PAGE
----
His & Hers – Herbal medicines to liven up love and life!

February is the month of love, it’s a time for us to honour the people we choose to share our lives - and love with. For some of us, this might be the opportunity to be brave and approach that special someone. Either way, love is a beautiful thing and Valentines gives us an opportunity to celebrate it.

A fact of modern relationships is that couples now need to meet much more of each other’s emotional needs in comparison to earlier more “primitive” societies when we used to have large communities and families helping us to feel safe and connected. This places a much greater emotional strain on each partner, not forgetting we still need to sort out the kids, go to work, navigate traffic, and cook a healthy dinner. It really is no wonder that couples all around the world are struggling to connect intimately.   

The stress of daily life can often get in the way of us acknowledging our partners & remembering why we love them in the first place, and this also leads to a lack of intimacy. Research has shown that stress is a major factor in sexual dysfunction in both men and women (Hamilton & Julian, 2014). The recent change in our lives caused by COVID-19 has also had a tremendous impact on sexual health and has in fact added to the burden of sexual dysfunction (Masoudi, Maasoumi & Bragazzi, 2022).

My advice to everyone this Valentine’s Day is preparation, and I don’t mean making a dinner reservation or taming the wild forest down under – although navigating forests is often easier when things are kept in check. What I mean is take actions that will reduce stress, it could be as easy as packing the kids’ lunches or helping your partner do the dishes, remembering to fill up your car the day before, just do something that creates a little space and then use that space to explore the jungle (wink) or just appreciate each other.   

If sexual dysfunction, lack of libido or stress are getting in the way of your month of love then I recommend looking to nature for some help – lillies for the ladies and maca for the men!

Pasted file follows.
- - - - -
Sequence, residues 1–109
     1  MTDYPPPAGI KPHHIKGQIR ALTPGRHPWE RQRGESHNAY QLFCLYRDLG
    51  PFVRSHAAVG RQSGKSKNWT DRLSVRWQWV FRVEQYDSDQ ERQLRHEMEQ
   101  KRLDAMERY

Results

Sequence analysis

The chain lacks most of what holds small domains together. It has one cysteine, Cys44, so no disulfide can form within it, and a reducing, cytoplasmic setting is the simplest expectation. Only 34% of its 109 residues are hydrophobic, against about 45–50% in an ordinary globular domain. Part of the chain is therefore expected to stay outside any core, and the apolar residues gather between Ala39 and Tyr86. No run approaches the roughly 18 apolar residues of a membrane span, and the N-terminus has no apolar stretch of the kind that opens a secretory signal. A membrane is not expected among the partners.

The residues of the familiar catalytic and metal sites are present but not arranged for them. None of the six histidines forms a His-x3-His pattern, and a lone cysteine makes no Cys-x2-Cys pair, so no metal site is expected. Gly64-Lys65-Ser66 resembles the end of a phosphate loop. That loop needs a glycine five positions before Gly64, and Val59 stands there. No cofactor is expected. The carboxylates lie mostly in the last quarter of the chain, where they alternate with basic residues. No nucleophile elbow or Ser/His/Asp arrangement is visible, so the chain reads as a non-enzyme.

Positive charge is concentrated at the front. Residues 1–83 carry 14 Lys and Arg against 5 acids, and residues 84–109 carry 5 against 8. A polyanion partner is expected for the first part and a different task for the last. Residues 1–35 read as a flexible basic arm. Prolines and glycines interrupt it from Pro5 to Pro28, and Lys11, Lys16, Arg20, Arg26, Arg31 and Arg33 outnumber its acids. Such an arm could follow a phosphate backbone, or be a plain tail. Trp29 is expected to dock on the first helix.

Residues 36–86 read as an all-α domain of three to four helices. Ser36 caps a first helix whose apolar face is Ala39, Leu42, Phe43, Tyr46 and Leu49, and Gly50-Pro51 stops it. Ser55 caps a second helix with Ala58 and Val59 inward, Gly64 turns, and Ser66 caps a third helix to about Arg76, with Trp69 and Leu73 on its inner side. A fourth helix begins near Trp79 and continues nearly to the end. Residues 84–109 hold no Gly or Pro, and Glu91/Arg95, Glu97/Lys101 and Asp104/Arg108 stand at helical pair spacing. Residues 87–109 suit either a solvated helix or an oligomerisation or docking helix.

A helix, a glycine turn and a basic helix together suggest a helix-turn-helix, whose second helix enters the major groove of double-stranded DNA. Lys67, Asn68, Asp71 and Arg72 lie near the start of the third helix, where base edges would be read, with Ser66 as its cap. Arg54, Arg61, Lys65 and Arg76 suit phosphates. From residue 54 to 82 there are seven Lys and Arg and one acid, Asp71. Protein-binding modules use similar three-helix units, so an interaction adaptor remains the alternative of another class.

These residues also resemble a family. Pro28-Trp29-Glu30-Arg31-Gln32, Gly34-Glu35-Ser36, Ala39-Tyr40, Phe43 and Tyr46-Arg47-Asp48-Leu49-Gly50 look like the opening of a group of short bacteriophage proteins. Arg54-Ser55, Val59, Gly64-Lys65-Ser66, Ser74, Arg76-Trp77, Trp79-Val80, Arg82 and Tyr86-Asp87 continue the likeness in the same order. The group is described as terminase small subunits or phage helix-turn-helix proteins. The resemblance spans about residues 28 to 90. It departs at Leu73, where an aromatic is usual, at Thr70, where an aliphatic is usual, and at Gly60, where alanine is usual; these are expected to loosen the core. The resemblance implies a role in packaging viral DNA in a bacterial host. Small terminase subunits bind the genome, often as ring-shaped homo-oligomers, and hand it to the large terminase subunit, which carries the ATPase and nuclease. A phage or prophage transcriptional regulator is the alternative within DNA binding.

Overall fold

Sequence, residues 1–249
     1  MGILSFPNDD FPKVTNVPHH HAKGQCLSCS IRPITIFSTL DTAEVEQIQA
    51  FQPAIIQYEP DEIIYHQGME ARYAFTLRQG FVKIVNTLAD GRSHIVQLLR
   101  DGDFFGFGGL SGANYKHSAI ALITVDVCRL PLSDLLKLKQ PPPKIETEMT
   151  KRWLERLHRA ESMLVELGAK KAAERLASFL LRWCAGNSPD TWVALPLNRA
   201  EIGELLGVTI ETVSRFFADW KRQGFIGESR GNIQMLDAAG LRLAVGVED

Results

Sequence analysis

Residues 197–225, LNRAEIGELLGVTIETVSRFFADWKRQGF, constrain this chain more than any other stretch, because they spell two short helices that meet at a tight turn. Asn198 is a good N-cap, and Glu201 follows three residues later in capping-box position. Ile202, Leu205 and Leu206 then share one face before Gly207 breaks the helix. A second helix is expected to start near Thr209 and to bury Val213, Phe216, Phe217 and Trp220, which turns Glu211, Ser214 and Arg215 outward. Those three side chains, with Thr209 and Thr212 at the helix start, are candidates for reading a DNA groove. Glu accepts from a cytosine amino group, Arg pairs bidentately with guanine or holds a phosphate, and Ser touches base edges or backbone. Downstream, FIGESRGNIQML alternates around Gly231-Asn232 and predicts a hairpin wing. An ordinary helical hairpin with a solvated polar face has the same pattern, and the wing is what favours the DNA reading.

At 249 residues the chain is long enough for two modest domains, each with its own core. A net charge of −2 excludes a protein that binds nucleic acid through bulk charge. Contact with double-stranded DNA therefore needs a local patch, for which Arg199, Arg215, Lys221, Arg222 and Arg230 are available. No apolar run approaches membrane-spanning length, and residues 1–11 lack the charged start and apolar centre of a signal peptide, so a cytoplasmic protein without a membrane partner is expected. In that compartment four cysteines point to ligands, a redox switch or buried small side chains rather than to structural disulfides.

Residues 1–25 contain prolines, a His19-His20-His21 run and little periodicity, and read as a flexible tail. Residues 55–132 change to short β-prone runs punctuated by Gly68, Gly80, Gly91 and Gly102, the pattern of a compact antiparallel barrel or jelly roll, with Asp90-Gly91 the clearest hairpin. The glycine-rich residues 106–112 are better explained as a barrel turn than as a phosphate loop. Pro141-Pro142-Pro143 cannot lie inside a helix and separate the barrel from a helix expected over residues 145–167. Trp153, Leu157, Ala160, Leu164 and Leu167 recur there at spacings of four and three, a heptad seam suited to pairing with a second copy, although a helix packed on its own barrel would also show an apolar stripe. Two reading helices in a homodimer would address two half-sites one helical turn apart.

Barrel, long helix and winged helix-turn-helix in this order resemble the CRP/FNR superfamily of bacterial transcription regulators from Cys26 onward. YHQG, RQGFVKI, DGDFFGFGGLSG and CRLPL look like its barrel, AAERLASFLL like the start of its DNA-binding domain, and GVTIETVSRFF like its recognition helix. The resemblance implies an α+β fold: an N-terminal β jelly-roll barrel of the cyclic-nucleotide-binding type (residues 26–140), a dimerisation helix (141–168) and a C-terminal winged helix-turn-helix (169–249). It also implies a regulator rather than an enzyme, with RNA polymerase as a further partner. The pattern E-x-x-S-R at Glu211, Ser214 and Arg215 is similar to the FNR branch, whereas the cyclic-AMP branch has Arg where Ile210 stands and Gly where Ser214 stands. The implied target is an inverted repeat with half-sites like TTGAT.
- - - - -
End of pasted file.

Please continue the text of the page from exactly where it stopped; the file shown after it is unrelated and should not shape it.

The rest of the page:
Lillies for the ladies - Shatavari (Asparagus racemosus) belongs to the Liliaceae family (AKA the lily family), in Ayurveda it known as the Queen of Herbs and is a potent female tonic. Traditionally, it is said that Shatavari can give women the capacity to have a hundred husbands. In more modern terms we would call Shatavari an adaptogen, it is very specific to female health though. It is used for sexual debility, as a nutritive tonic and to help during menopause (Frawley, 1988).  

Along with Ashwaganda, Shatavari is considered a “Rasayana” which means it is a herb that helps to restore the body’s vitality to it’s fullest capacity, these are herbs that were traditionally used whenever the body was run down and worn out. I certainly would like my vitality restored to its fullest capacity especially when it comes to exploring that jungle we spoke about! Both men and women can benefit from the tonic properties of Ashwaganda.

Maca for the men – or more specifically the rare Black Maca is ideal for men’s health. Experimental studies have shown that maca can help with sexual dysfunction and may be beneficial for prostate health (Gonzales, 2012). Some animal research has shown that black maca can significantly increases sexual performance in males (Cicero, 2001), while a smaller study concluded that maca improved sexual desire (Gonzales, et al. 2002).   

Sharing is caring, so if you wanted a maca in the middle then I would recommend going for Red Maca which has benefits for both men and women due to its positive effects on stress, anxiety, and mood. (Gonzales-Arimborgo, et al. 2016)